America Movil Looks for $800 Million Reprieve From Supreme CourtBy
Slim’s company awaits rulings on injunctions against reform
Telefonica, AT&T could face back payments for calling fees
Mexico’s Supreme Court may rule as early this month on the constitutionality of key provisions of the 2013 telecommunications reform law that have hurt America Movil SAB and benefited its competitors.
America Movil, controlled by billionaire Carlos Slim, is waiting for the country’s top court to vote on its amparos, or injunctions, against the provisions. The company claims Congress didn’t have the authority in 2014 to create rules that singled out America Movil for tougher penalties. A vote by the court’s justices could come before a July 15 recess, though it’s possible the timing could slip till later in the year.
In one of the cases, a favorable ruling for America Movil could walk back one of the most important aspects of the telecom overhaul, which eliminated the interconnection fees that America Movil charged its competitors for incoming calls to its network. Telefonica SA and AT&T Inc. can still bill America Movil when its users call their customers.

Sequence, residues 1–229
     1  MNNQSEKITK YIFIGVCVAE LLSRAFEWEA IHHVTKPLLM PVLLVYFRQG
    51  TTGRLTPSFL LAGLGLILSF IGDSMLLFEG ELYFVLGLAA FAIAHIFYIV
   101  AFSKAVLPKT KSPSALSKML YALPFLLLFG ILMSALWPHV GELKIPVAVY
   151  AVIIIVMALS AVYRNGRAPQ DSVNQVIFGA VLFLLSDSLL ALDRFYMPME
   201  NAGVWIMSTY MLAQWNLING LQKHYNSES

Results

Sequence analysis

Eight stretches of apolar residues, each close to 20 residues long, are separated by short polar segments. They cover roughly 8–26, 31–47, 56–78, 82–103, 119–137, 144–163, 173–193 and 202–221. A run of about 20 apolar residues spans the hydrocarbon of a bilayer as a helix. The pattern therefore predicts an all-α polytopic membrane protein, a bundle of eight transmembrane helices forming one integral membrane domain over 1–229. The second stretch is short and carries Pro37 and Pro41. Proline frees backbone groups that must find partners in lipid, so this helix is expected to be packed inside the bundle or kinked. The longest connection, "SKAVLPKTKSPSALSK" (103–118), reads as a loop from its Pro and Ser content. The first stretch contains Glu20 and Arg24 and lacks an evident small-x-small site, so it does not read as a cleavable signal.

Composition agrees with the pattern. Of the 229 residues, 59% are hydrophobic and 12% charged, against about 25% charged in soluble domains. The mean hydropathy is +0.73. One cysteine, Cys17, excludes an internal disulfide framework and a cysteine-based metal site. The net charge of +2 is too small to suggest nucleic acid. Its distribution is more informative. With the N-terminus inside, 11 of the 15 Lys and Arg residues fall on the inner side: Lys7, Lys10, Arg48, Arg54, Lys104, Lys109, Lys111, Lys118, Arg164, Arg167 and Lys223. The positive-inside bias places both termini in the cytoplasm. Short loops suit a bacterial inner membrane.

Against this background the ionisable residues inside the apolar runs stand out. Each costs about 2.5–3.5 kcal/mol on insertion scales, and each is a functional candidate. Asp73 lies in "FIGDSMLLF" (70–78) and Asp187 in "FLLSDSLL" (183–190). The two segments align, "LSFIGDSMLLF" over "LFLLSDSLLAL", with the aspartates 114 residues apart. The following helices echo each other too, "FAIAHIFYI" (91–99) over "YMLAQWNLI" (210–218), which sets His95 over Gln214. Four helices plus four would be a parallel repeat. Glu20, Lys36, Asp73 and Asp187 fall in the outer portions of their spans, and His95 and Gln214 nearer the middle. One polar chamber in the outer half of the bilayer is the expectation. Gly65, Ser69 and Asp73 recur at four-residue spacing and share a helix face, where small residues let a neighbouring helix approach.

The ruling could also make these so-far unpaid fees retroactive, meaning America Movil would be entitled to more than $800 million in backlogged payments from its rivals, according to Bloomberg estimates based on traffic between the carriers reported to regulators over the past 2 1/2 years.
A second case looks at whether Congress had the authority to require America Movil to publish a public reference price for telecommunications services.
America Movil declined to comment, as did Mexico’s telecommunications regulator, the IFT.
The asymmetric rules made the industry more attractive to investors, leveling the playing field for newcomers to take on America Movil, which controlled about 70 percent of the market. The reform has also been one of the most successful in President Enrique Pena Nieto’s administration, greatly lowering mobile costs for customers through increased competition. AT&T entered Mexico in 2014, acquiring Grupo Iusacell SA and Nextel Mexico, and has lured subscribers with aggressive promotions.
“The 2013 reforms made Mexico a very attractive place to invest and without them we would not have entered the market,” Fletcher Cook, a spokesman for Dallas-based AT&T, said in a statement. “Their lasting and effective application could trigger more investments for the benefit of consumers and businesses and a healthier environment for economic growth.”
Telefonica declined to comment.